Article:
Sci. STKE, 17 July 2007
Cancer A New Partner for c-Myc
John F. Foley
Sciences STKE, AAAS, Washington, DC 20005, USA
For cells to become transformed (cancerous), critical cellular components that regulate cell growth must be disturbed. One way transformation can occur is if the activity of protein phosphatase 2A (PP2A), a serine and threonine phosphatase, is inhibited. PP2A functions as a heterotrimer of catalytic, regulatory, and scaffold proteins, splice variants and isoforms of which result in the formation of many different PP2A enzymes. PP2A dephosphorylates both the tumor suppressor protein p53 and the oncogenic transcription factor c-Myc. Thus far, studies of the tumor-suppressing activity of PP2A have not revealed the mechanisms of its inactivation in cancer. Junttila et al. therefore searched for binding partners with an epitope-tagged scaffolding subunit (PR65) of PP2A in HeLa cells (a transformed cell line derived from human cervical cancer cells). Immunoprecipitation studies followed by mass-spectrometric peptide sequencing identified a protein (called CIP2A for cancerous inhibitor of PP2A) that bound to PR65. Endogenous CIP2A coimmunoprecipitated with endogenous PP2A in HeLa cells, and both proteins were colocalized in the perinuclear region as demonstrated by confocal microscopy. Depletion of CIP2A in HeLa cells, using siRNA, decreased the abundance of c-Myc protein as measured by Western blotting (without affecting c-Myc mRNA) and decreased the proportion of c-Myc that was phosphorylated. In vitro phosphatase assays using immunoprecipitated c-Myc from control and CIP2A-specific siRNA-transfected cells showed that CIP2A inhibited PP2A-mediated dephosphorylation of c-Myc. Further immunoprecipitation studies showed that epitope-tagged CIP2A bound directly to the N terminus of epitope-tagged c-Myc. Injection of athymic mice with CIP2A-specific siRNA-expressing HeLa cells resulted in smaller tumors than were observed in mice injected with control HeLa cells. Overexpression of CIP2A in an immortalized, but not transformed, fibroblast cell line resulted in the formation of a greater number of foci (cell clusters) in soft agar (a characteristic of transformed cells) than were observed in control cells, demonstrating the oncogenic potential of CIP2A. Finally, the authors demonstrated the increased abundance of CIP2A mRNA and protein in transformed cell lines compared with normal cell lines and showed by immunohistochemistry an increased abundance of CIP2A in tissue from head-and-neck squamous cell carcinomas compared with that in normal tissue. As described in the accompanying review by Mumby, these data demonstrate for the first time a mechanism by which PP2A-mediated dephosphorylation of c-Myc is inhibited and characterize CIP2A as an oncogenic protein associated with human malignancies.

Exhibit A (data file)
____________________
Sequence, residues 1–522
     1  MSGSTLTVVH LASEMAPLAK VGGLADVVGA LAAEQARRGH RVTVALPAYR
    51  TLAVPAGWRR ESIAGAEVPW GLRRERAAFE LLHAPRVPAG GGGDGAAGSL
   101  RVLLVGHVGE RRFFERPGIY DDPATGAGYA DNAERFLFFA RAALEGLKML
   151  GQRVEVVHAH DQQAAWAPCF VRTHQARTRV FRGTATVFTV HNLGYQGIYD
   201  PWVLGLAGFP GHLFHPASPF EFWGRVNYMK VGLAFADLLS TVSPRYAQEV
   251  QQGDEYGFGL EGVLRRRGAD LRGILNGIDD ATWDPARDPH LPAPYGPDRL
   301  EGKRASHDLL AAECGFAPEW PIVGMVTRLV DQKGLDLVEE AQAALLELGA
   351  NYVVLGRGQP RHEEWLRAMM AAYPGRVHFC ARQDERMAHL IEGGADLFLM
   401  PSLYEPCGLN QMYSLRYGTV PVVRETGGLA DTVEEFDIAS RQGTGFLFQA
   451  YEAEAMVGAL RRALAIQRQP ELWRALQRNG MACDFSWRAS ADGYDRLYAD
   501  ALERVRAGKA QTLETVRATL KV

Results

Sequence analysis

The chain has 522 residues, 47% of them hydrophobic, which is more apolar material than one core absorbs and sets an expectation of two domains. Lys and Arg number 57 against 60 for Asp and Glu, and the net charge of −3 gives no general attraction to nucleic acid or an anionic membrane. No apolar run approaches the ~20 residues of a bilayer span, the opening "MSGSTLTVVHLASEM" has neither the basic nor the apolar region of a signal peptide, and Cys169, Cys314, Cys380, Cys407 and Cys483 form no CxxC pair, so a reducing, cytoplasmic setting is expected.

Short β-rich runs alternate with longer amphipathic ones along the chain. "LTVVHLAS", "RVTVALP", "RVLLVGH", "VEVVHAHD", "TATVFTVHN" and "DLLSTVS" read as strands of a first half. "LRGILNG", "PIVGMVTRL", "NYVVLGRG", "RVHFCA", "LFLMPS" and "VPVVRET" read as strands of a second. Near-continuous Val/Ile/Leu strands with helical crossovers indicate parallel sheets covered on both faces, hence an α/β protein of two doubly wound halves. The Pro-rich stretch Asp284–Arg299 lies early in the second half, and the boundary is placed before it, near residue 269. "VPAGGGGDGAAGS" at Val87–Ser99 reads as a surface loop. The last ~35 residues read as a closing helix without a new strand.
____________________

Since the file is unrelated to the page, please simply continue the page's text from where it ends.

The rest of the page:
M. R. Junttila, P. Puustinen, M. Niemelä, R. Ahola, H. Arnold, T. Böttzauw, R. Ala-aho, C. Nielsen, J. Ivaska, Y. Taya, S.-L. Lu, S. Lin, E. K. L. Chan, X.-J. Wang, R. Grènman, J. Kast, T. Kallunki, R. Sears, V.-M. Kähäri, J. Westermarck, CIP2A inhibits PP2A in human malignancies. Cell 130, 51-62 (2007). [PubMed]
M. Mumby, PP2A: Unveiling a reluctant tumor suppressor. Cell 130, 21-24 (2007). [PubMed]
Citation: J. F. Foley, A New Partner for c-Myc. Sci. STKE 2007, tw254 (2007).
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